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The Rise of the Marketing Technologist

marketing-technologistMarketing is partly a creative endeavor and partly a data-driven one. There’s one common denominator for both the left-brain and right-brain side of things, though: Technology fuels the marketing efforts of both large and small organizations. Marketing technology (Martech) tools include such staples as CRM platforms, marketing automation solutions, social media management platforms, and B2B e-commerce technologies. As a marketer, you need these (and other) technologies to do your job effectively. Exactly whose job is it to budget for, vet, implement, and appropriately leverage all these available tools across a variety of channels? The answer might just be found in the rise of the marketing technologist—let’s explore the research.

The State of Martech Today [REPORT]

We’re about to break down a recent report titled Modernizing the Mix: Transforming Marketing Through Technology and Analytics, produced by marketer-aligned data firm Dataxu. They surveyed more than 500 marketers from around the globe. Many different levels of marketing budgets were represented (ranging from $149,999 to $1.45 million annually), and about two-thirds of respondents had 500 or more employees. The interesting thing about Dataxu’s survey is they interviewed primarily senior level personnel—CMOs, Directors of Marketing, and more. Here’s what they found:

  • When it comes to Martech budgets and purchasing decisions, a brunt of the responsibility often falls on the CMO. (For companies that already have a designated Chief Marketing Technologist (CMT), that pendulum appropriately swings their way.) As you can see from Figure 1, the remaining results are very scattered, touching on everyone from Chief Digital Officers (CDOs) to Chief Information Officers (CIOs).
marketing-technologist

Figure 1. Source: Dataxu

  • The most common kinds of Martech used by respondents were social media management tools (70 percent globally), email marketing (60 percent globally), and digital advertising to include display, mobile, etc. (56 percent). Others on the list include content marketing, consumer insights, PR, CRM, pragmatic marketing, and SEO. (If that sounds like a lot, that’s because it is. Many of these have to do with digital transformation, a whole different topic and one I touched on recently when I wrote about marketers’ greatest growth challenges.)
  • US-based respondents use more specialized content marketing technologies than any other country represented in the survey.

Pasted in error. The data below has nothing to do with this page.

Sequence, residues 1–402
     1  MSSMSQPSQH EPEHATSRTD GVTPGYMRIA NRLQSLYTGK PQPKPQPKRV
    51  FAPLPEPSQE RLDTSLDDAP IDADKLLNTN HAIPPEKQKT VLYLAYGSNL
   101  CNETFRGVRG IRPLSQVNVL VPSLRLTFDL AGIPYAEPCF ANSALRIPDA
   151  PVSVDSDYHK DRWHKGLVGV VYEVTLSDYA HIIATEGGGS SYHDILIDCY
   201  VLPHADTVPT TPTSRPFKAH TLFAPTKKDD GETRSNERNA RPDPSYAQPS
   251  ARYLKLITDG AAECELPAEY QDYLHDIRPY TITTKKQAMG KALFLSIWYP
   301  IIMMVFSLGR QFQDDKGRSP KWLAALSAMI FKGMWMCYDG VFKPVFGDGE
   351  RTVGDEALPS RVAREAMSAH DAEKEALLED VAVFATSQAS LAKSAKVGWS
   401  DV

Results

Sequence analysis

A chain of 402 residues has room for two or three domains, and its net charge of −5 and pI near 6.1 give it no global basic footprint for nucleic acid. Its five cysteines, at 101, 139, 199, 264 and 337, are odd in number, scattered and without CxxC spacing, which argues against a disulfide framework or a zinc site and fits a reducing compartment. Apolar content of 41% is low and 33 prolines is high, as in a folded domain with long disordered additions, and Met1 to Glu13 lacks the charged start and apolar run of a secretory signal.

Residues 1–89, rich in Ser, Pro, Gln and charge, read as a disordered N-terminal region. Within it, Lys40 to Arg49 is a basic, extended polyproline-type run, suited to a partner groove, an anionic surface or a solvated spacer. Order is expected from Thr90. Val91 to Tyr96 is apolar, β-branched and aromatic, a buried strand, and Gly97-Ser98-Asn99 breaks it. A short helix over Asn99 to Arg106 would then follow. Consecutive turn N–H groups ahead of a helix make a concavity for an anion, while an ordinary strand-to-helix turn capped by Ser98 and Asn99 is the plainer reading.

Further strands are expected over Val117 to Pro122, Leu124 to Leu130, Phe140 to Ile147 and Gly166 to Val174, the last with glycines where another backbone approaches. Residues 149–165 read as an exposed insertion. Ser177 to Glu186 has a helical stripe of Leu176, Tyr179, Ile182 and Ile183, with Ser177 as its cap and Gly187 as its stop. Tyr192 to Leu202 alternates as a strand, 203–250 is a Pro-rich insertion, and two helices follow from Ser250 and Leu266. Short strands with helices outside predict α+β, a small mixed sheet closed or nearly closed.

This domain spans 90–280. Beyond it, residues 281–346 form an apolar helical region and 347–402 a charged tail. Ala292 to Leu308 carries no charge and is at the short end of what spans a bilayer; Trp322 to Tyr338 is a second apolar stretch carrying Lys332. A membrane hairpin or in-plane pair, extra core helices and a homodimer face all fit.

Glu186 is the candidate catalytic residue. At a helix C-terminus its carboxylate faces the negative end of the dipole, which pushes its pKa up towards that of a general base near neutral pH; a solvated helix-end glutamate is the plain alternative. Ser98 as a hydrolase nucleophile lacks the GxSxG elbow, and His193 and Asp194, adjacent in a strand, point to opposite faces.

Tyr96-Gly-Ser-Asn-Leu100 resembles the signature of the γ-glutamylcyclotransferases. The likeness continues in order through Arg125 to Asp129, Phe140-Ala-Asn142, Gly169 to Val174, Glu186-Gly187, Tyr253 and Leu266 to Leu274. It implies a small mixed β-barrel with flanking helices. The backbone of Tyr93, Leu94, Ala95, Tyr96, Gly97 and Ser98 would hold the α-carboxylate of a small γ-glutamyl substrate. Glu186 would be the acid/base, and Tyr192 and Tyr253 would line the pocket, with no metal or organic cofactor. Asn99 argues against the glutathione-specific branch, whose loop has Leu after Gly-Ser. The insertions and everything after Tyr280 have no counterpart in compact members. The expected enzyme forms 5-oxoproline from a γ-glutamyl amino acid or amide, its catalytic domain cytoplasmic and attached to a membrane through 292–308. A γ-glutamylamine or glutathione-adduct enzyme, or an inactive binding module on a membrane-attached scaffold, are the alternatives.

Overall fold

• Marketing departments inside medium and larger companies often have dedicated IT or Martech staff. Even so, senior staff is heavily involved in developing and managing the Martech strategy. (CMO’s, for example, do so 25 percent of the time.)
  • Forty-one percent of global respondents indicated the biggest marketing challenge they faced was finding a way to create “the most efficient marketing mix across channels to drive results.”
  • Seventy percent of global respondents (and 76 percent of US respondents) said they have a person on the marketing team who is “mainly responsible” for technology usage. What does this mean? It’s time to make the case for the marketing technologist.

The Case for the CMT

Being “mainly responsible” for anything in an organization isn’t exactly confidence-inspiring. You might as well add “spread-too-thin” or “doing the best they can under the circumstances.” Your organization can’t afford to approach Martech that way. It’s too important.

It’s true that we’ve seen marketing suites change significantly over the years, and we’ve even discussed how the personality profiles of different C-suiters mesh with the typical CMO. In essence, the players in the game have changed because the game itself is changing. There are new tools, new responsibilities, and new channel priorities in this digital age, and organizational structures are shifting to meet this evolution.

Now, we can add CMT to the list of up-and-comers. Currently, 66 percent of organizations around the globe say they have a CMT (see Figure 2). As you’ll see, the role is more popular in Europe than it is in the US, but it might not be that way for long. What you won’t see from the graphic is that 26 percent of US marketers surveyed said they were actually planning to fill the CMT role in the next year. (The same goes for 42 percent of CMT-less organizations around the globe.)

marketing-technologist

Figure 2. Source: Dataxu

What’s Next?

It’s clear to me that the number of ways for marketers to harness the power of technology to more effectively reach their target audience and ultimately drive conversions isn’t dwindling—rather, it’s exploding and will continue to do so. Who’s leading the Martech charge at your organization? Is that arrangement working, or do you think adding a CMT would make your department more dynamic and efficient? I’d love to hear your thoughts.

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Eric Vidal

CMO and Co-Founder at Broadsuite Media Group
Eric Vidal, an industry expert with over 25 years of marketing and technology experience is passionate about providing insight and education on the latest martech trends and techniques. Eric speaks and writes for various publications like The Marketing Scope and Future Of Work to name a couple. He's also a Principal Analyst at Futurum Research where he follows and writes about marketing technology. Eric has been a marketing leader for companies of all sizes. He has extensive experience working to achieve measurable business results for organizations like IBM, Cisco, WebEx, Canon USA, West Corp., Dynamic Signal, adidas, SAP and more. Connect with Eric on LinkedIn.
Eric Vidal
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